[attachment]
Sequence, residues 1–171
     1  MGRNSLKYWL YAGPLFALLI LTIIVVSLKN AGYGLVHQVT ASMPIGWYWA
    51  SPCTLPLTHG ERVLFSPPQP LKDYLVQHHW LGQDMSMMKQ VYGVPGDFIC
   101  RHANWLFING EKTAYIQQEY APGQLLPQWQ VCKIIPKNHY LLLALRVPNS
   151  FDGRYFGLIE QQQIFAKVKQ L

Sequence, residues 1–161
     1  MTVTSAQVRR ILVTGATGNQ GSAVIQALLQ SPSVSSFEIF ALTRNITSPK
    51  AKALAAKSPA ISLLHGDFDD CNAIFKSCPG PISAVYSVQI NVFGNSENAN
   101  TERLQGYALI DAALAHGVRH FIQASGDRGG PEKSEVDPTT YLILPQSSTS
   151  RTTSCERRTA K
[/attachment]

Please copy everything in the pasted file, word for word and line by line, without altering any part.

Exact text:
Sequence, residues 1–171
     1  MGRNSLKYWL YAGPLFALLI LTIIVVSLKN AGYGLVHQVT ASMPIGWYWA
    51  SPCTLPLTHG ERVLFSPPQP LKDYLVQHHW LGQDMSMMKQ VYGVPGDFIC
   101  RHANWLFING EKTAYIQQEY APGQLLPQWQ VCKIIPKNHY LLLALRVPNS
   151  FDGRYFGLIE QQQIFAKVKQ L

Sequence, residues 1–161
     1  MTVTSAQVRR ILVTGATGNQ GSAVIQALLQ SPSVSSFEIF ALTRNITSPK
    51  AKALAAKSPA ISLLHGDFDD CNAIFKSCPG PISAVYSVQI NVFGNSENAN
   101  TERLQGYALI DAALAHGVRH FIQASGDRGG PEKSEVDPTT YLILPQSSTS
   151  RTTSCERRTA K